#Asia Gunmen attack Go-Jek office as discontent simmers inside and out


go-jek service

Go-Jek’s motorcycle ride service, photo taken from Go-jek.com

On Sunday, at around 10:35 local time, two men on a motorcycle drove up in front of one of Go-Jek’s offices in South Jakarta and fired a shot at the building, CNN Indonesia reports. A window was shattered, but luckily no one was hurt.

In case you don’t live in Indonesia, Go-Jek is an on-demand “Uber for motorcycles” app that lets users book rides and other services like food delivery and parcel transport at the click of a button.

What we know about the shooting

The two suspects were able to escape, although a witness gave police a detailed description of the motorbike and clothing the perpetrators were wearing.

Photo of the scene of the shooting, taken from Beritasatu.com

Photo of the scene of the shooting, taken from Beritasatu.com

Go-Jek was not available for comment, though the firm did publish a note on its Facebook page about the incident.

We would like to assure you that the incident is being handled by the responsible authorities and that all of Go-Jek’s facilities are equipped with CCTV cameras […] No one was hurt in the incident […] We have not found bullets at the location, only a part of a screw driver which is thought to have been used by the suspect.

The items collected at the scene led police to assume that the weapon used was homemade, and that the tip of the screwdriver was used as the projectile. The suspects fired only a single shot, police concluded.

When disruption leads to violence

Go-Jek and similar motorcycle services have become popular in Indonesia’s capital, leading them to recruit thousands of new drivers throughout the year. However, some groups of informal motorcycle taxi drivers (called ojek) have not reacted well to the emergence of app-based services. Ojeks have traditionally been the ones to perform these kinds of jobs, without being part of a regulated system. Many of these informal service providers see companies like Go-Jek as a threat to their income and livelihoods.

See: Why motorcycle taxi drivers are ganging up against on-demand ride apps in Indonesia
Past clashes now lead many to speculate that the simmering conflict between informal ojek drivers and Go-Jek might be the cause for this shooting, but so far, facts don’t reveal a clear motive.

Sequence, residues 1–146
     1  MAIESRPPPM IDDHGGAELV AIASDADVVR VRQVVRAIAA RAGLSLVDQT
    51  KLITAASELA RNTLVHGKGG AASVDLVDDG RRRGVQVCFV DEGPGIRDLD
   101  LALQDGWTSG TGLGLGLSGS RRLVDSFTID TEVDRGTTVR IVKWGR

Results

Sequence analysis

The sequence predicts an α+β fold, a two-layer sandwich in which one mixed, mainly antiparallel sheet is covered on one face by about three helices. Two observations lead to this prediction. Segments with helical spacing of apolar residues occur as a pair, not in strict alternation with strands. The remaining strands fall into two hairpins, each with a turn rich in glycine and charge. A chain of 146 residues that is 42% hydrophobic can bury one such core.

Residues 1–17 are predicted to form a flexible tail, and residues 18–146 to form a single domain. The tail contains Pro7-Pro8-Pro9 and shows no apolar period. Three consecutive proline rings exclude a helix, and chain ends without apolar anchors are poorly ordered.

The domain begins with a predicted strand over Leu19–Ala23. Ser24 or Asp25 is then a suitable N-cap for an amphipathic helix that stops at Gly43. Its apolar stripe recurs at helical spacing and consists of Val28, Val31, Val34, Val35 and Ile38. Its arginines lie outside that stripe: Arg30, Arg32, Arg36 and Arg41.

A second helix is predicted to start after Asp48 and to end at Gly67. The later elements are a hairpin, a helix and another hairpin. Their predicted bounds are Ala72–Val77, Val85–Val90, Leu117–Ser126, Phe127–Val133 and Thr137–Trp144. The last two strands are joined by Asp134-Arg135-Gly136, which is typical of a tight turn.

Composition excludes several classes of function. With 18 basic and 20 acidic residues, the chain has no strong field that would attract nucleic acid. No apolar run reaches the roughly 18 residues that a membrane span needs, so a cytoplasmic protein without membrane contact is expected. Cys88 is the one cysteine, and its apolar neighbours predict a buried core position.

Ojek drivers have gathered underneath an anti-Go-Jek banner in Jakarta

The shooting occurred on Sunday, when Go-Jek’s office was empty. It also took place at a secondary office which features no large, visible logos or other iconic images linking it to the company.

Still, it’s possible there is a connection. The “shooting” might be an attack on the company by disgruntled ojek drivers, intending to send a message. It wouldn’t be the first internet service in Asia to be the target of violence.

In India, a mob of brokers attacked the offices and staff of a startup called Nobroker, which helps users rent and buy real estate without intermediaries. Uber, too, has often been the target of violent attacks. There have been several incidents reported, including in Mumbai and Australia.

In most of these cases, the motivation for violence is unclear. Are these outraged individuals, who have no other choice but to react with violence as they see their livelihoods threatened by technology? Or are these incidents masterminded by political groups or competing companies?

Or could it be something else altogether?

Go-Jek drivers are striking

Another possible – if speculative – explanation could be that anger is coming from within. Go-Jek has grown rapidly, and drivers are joining the company with high expectations. Co-founder Michelangelo Moran has gone on record with the statement that Go-Jek drivers can make upwards of IDR 4 million (US$290) a month, which is enormous compared to what Indonesia’s lower-income classes make.

Now, it looks like some Go-Jek drivers are frustrated because monetary success is not as immediate as they had hoped.

Detik reports that Go-Jek drivers are planning a strike in the near future. According to Detik, Go-Jek drivers are organizing the strike via WhatsApp.

“Starting tomorrow, we will spread the information that we will cease working. Because lately the service has let us down. The cut we get from transporting passengers has continually gone down this month. And there’s the issue of suspensions which over time have become increasingly unclear,” Go-Jek driver Firman told Detik today.

What do you think about technological disruption in the region? Do you think the Go-Jek shooting incident is linked to the simmering conflict with traditional ojek drivers, or is this a one-off random act of vandalism?

This post Gunmen attack Go-Jek office as discontent simmers inside and out appeared first on Tech in Asia.

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